Medley provides a rich software development environment, including a debugger, a list structure editor, a file package, a compiler, text-editing facilities, and other useful tools. With any interactive computer language, the user interacts with the system through an "executive," which interprets and executes commands. Medley includes three such executives: Common Lisp, Xerox Common Lisp, and Interlisp. Medley is a programming system, containing not only a programming language but also many predefined programs and specialized programming tools.
Medley's interactive window-based debugger automatically appears when an error occurs. You can enter the debugger through a program execution error, a user-entered keyboard interrupt, or a programmer-specified break. When execution is halted for one of these reasons, the user can reset the system and unwind the stack, or enter the debugger. The break window is an executive window; you can perform any activity here that you can in other executive windows, including looking at the program's current state, changing data structures, evaluating expressions changing a function, and calling the editor. These break facilities, familiar to Interlisp users, are now in the common Lisp executive as well.
The programmer's assistant. This tracks the user's actions during a session, allowing them to be replayed, undone, or altered. The most common interaction with the programmer's assistant occurs at the top level read-evaluate-print loop or in a break, where the user types in expressions for evaluation and sees the value printed out.
The file package and compiler. The file browser provides a convenient user interface for manipulating files stored on a workstation or file server. The makefile option in the file package lets you compile an entire file. You can compile individual functions using the compile command for functions in memory, the Tcompl command for definitions stored in files, or the Recompile command for a combination of in-memory and file definitions. Medley also supports block compiling.
Structure and text editors. Medley offers a choice of structure (list) editors. Dedit and Sedit. When loaded, the Dedit library utility becomes the default structure editor. Sedit does not have the type-in buffer of Dedit; it automatically places Lisp structures that the user fills in by selecting a character or a structure. Sedit recognizes Lisp functions such as single quotes, back quotes, and commas. It automatically adds spaces to maintain legal structures. Medleys Tedit supports multiple fonts, embedded graphics, and document formatting. Figures created with the drawing program, Sketch, can also take screen snapshots.
Notecards tool collects, organizes, and presents hypermedia information. Many cards can be displayed at once, and each can contain text, sketches, or scanned graphics. Cards are connected by typed links and stored in "file boxes." The Spy tool lets you identify program bottlenecks
Venue's Lisp Object-Oriented Programming System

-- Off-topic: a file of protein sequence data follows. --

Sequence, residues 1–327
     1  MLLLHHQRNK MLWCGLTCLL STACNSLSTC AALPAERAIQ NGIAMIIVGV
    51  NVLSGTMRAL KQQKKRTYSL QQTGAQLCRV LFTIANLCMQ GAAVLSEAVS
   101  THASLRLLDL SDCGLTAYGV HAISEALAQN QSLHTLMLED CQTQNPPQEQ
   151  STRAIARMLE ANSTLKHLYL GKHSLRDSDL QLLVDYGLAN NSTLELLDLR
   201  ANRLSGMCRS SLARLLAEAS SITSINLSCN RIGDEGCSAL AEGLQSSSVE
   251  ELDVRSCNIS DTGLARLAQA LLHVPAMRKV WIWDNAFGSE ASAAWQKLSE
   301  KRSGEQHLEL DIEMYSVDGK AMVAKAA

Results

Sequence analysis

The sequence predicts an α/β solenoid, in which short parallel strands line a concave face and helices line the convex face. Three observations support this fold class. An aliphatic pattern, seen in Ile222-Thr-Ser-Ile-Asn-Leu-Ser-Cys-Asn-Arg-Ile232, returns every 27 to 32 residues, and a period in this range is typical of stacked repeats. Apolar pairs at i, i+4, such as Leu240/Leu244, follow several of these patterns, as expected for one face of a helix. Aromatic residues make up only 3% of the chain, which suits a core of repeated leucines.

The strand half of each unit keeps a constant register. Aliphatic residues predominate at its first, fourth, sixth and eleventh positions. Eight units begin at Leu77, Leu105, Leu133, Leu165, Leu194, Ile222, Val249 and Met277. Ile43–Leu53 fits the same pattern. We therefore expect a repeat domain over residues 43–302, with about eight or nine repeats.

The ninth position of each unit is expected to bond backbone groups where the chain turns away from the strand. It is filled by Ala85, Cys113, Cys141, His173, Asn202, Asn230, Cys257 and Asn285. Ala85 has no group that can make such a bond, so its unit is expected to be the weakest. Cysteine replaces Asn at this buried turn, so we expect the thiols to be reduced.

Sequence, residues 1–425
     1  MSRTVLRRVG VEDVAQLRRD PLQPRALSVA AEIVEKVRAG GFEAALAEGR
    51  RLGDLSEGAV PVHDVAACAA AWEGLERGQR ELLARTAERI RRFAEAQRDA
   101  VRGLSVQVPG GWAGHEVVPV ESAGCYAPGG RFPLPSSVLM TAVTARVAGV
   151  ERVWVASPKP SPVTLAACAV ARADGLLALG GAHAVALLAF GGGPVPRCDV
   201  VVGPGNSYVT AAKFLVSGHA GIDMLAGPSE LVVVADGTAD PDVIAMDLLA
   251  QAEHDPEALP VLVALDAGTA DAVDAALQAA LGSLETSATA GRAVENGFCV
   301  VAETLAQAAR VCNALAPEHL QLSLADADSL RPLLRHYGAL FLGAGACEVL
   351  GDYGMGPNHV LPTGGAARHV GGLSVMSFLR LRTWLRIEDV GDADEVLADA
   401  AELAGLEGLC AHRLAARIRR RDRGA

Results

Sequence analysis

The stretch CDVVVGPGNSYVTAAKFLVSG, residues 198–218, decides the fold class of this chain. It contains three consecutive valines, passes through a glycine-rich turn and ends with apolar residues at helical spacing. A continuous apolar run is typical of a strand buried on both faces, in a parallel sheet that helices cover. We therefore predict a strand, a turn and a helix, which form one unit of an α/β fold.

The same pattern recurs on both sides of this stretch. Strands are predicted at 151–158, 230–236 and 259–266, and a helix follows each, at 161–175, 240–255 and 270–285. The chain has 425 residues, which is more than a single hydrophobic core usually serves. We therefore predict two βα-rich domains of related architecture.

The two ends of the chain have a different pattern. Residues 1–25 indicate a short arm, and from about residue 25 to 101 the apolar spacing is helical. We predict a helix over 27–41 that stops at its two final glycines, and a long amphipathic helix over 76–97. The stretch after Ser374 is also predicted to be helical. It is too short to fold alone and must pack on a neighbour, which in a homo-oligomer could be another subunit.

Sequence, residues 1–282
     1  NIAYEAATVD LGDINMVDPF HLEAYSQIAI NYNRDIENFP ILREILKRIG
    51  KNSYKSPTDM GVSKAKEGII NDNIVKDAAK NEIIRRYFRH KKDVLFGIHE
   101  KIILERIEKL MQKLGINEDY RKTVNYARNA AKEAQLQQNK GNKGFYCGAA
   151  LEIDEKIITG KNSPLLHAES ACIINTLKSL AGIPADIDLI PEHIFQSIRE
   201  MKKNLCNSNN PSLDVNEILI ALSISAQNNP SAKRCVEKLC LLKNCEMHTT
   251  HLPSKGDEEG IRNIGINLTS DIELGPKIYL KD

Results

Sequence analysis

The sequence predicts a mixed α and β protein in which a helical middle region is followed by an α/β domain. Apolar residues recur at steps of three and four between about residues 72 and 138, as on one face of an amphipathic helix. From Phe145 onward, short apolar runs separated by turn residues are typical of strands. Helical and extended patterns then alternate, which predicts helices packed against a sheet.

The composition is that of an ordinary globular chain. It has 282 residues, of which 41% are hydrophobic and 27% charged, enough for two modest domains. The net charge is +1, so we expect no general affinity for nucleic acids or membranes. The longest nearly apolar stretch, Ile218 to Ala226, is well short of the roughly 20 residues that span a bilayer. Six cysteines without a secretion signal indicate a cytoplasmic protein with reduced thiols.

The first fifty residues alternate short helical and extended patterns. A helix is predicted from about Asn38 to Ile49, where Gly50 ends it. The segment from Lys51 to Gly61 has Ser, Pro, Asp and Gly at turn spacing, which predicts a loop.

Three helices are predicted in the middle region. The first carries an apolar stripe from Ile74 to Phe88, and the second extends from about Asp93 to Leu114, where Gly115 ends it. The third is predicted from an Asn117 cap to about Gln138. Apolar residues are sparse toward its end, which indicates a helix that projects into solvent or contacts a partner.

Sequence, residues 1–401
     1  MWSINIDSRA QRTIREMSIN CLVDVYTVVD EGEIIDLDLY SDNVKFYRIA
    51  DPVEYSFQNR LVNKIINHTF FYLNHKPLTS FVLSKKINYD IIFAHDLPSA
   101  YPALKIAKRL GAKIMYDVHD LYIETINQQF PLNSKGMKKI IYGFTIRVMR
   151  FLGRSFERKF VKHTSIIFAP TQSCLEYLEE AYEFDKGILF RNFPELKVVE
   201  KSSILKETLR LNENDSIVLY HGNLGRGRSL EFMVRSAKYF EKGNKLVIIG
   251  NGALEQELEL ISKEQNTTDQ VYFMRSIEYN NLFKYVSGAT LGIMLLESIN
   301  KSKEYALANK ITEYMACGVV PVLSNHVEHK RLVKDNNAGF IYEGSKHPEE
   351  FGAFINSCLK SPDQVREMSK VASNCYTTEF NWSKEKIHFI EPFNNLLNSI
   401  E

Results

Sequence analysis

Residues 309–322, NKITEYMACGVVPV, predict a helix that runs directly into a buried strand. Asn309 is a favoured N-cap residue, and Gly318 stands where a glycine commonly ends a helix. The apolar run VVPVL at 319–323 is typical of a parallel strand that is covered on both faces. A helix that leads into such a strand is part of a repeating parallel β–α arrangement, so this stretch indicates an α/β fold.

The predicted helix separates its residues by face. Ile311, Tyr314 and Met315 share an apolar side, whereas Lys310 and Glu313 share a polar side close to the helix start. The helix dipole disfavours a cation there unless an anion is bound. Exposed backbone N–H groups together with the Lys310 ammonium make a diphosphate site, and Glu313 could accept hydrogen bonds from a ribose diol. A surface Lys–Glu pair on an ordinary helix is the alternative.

Objects give you a lot of power, but they're not the whole answer. Sometimes, other ways of looking at a problem will work better. At times, plain procedural programming is best. Other times, you'll want to trigger actions in response to changes in variables' values. Yet other times, you'll want to use rules to capture domain specific knowledge. LOOPS gives you all of these in one coherent package. LOOPS also gives you development tools that really help you while you work. You'll want to keep track of the classes and objects you've created. LOOPS' browsers let you do that. You'll want to watch your rules in operation to find out where they're going awry. LOOPS' rule auditing facility lets you do that.
Big systems often have many objects that start out the same, and slowly diverge as the system runs. Normally, you'd have to start off with completely separate objects, at a tremendous cost in memory. LOOPS lets you start with only a single real object. All the others are tiny "virtual copies" of that one. Each copy grows only as you change the values of its instance variables. the effect is the same as having many independent objects, without the memory cost.
The classes and objects you create are the same blocks LOOPS is built our of. So the classes you create can be combined with LOOPS itself to extend its power. You wind up with a system that speaks your language and has tools to fit your needs-and your specialized tools have become part of LOOPS, so its power is brought to bear to solve your problem.
"Medley is and has been a system before its time. Through the debuggers, the graphics and window systems, and the organized structure of the underlying Lisp systems, Medley provides a marvelous tool that creates enthusiasm and motivation for programmers, applications builders, application users, teachers, and students alike."-Patrick Goddi and Anne M. Keuneke
Jill Marci Sybalsky
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